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-   -   Wetsuit- Sleeves vs. Sleeveless (http://www.bikeforums.net/triathlon/914736-wetsuit-sleeves-vs-sleeveless.html)

iBiker 09-24-13 07:58 PM

Wetsuit- Sleeves vs. Sleeveless
 
Getting my first wetsuit...borrowed a full-body one and really liked it. Can get a deal on a full-body for around $220, but just saw a deal on a sleeveless wetsuit for $95. Is there really that big of a difference with sleeves? I won't be swimming in super cold water, but want to keep swimming comfortably into the fall season (lake, not ocean).

Thanks

FrenchFit 09-24-13 08:15 PM

Freedom of movement for SUP or kayaking, windsurfing, perhaps tri -> sleeveless. But cold water or immersed for any serious time, I think you'll need the full suit. Getting hyperthermic from the chest up is still no fun, I think you risk your arms and shoulders shutting down.

btpdragon 09-28-13 10:12 AM

When I started I went with the sleeveless. I thought as a swimmer I would like having the freedom of movement and the feel of the water on my arms. It was fine until I tried the full suit. There was no loss of freedom in the full suit and it was overall more comfortable. The arm holes on the sleeveless are another chafe/rub point that don't seem to be a problem for me in the full suit. I still have and use both, but the full suit gets used 85-90% of the time. I am also faster in the full suit. I don't know what brand you are looking at. I have been happy with my Xterra suits. Both the vortex and vector are very good for the price. I think you can get a vortex full for under $175. There are plenty of discount codes out there that offer 50-60% off. I use the one from a triathlon club i belong to here in California. C-CALTRI code should get you 60% off.

b2run 09-29-13 05:58 AM

As far as racing, full sleeves are slightly faster. If you're not going for medals, it isn't going to make much difference, especially if you're not swimming in cold water. I have both and wear them according to the water temperature. If water temperature and/or speed is not an issue for you, go with what you're comfortable with.

bobthib 09-30-13 02:30 PM

French is spot on based on what I know and what I've read and what my friends tell me. I just inherited a full Zoot suit from my swim coach who decided to go sleeveless. H bought a new sleeveless for the ITU World championships in London a few weeks ago, and he wished he had the full suit! The water was so cold they cut the International swim distance in half.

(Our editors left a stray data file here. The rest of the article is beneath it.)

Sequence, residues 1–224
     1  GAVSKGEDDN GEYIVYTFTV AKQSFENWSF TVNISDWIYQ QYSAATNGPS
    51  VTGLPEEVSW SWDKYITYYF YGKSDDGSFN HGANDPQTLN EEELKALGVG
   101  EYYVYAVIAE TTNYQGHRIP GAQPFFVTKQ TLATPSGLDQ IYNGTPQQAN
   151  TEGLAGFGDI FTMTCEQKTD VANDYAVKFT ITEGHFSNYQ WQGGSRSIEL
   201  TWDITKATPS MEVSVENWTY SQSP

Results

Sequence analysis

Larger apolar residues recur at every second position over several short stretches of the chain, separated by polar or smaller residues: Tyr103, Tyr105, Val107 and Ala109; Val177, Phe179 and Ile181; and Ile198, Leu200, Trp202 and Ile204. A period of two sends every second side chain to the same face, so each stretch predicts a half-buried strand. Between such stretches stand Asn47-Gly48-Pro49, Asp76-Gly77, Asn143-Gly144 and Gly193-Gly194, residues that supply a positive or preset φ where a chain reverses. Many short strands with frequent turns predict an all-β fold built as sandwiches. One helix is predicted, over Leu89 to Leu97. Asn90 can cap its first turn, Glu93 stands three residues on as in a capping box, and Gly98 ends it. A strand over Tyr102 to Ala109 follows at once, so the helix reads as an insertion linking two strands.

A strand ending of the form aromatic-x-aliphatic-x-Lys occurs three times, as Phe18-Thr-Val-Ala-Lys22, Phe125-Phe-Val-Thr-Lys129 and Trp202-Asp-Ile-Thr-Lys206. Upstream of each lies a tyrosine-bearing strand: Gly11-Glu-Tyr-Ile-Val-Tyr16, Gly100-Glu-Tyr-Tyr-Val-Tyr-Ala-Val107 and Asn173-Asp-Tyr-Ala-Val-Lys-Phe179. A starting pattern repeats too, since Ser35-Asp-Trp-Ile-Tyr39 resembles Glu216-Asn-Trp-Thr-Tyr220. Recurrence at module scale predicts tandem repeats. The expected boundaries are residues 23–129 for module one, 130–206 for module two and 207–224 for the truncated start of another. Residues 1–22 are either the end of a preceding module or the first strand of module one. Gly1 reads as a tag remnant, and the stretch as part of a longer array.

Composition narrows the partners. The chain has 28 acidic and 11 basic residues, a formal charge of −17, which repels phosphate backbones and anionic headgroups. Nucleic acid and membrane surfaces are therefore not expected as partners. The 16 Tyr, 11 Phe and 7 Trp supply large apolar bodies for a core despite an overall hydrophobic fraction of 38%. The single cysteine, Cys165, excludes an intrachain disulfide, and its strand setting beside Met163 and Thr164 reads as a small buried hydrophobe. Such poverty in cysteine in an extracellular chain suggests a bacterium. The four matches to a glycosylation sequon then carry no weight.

Since we live in So Fla, most of our swims are in fairly warm even in the cold weather.

bobthib 09-30-13 02:56 PM

btp has a good point, though. A cheap suit can cause problems with rubbing, which is not fun...

iBiker 09-30-13 09:43 PM

Thanks for the replies...never thought about the rubbing/chaffing, and faster is always better. I'm on the East Coast of Canada so water is generally cold so sleeves it is!

bobthib 10-01-13 08:16 PM

I think you have made a good choice for your circumstances. If you ever move to So. FLa, you may choose a different outcome.

panamapete 10-14-13 02:46 PM

speedo all the way

/thread

TranceLov3 05-03-14 11:09 AM

depends on the distance i'd say, if its longer then i guess you should go sleevless if it feels better on you, if it's a short distance go with sleeves because the material they're made of usually rejects water (doesn't let it in) ending in better swim results.

needawheel2 07-07-14 08:28 PM

(new to tri) I tried a wetsuit first time in the ocean, it limits my arm movement. Is it because I got a cheap model? Not sure neoprene stretches (like lycra), so how does it follow your arm movement?

Dalai 07-08-14 05:31 AM

Quote:

Originally Posted by needawheel2 (Post 16917784)
(new to tri) I tried a wetsuit first time in the ocean, it limits my arm movement. Is it because I got a cheap model? Not sure neoprene stretches (like lycra), so how does it follow your arm movement?

Was it a wetsuit designed for swimming or a general wetsuit? If the later you will find it difficult to swim in...

squirtdad 07-08-14 11:33 AM

Quote:

Originally Posted by needawheel2 (Post 16917784)
(new to tri) I tried a wetsuit first time in the ocean, it limits my arm movement. Is it because I got a cheap model? Not sure neoprene stretches (like lycra), so how does it follow your arm movement?

there are different types of neoprene with different degrees stretchiness More expensive tends to be more flexible

there are also different westuit designs...scuba suits, surf suits, triathon suits. A triathlon suit is what you need

and there are different thickness....... the thicker the less fun to swim in.

so a 7mm dive suit will be close to impossible to swim comfortably in, but a 2mm triathlon suit would be great


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